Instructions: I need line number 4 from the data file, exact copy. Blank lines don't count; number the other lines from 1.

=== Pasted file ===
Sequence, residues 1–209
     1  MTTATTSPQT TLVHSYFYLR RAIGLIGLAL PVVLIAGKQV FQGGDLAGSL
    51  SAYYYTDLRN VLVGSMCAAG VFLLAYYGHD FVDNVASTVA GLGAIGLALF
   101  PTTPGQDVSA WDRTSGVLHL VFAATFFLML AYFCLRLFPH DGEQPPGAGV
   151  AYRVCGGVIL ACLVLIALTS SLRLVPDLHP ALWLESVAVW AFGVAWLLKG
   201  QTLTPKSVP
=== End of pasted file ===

   101  PTTPGQDVSA WDRTSGVLHL VFAATFFLML AYFCLRLFPH DGEQPPGAGV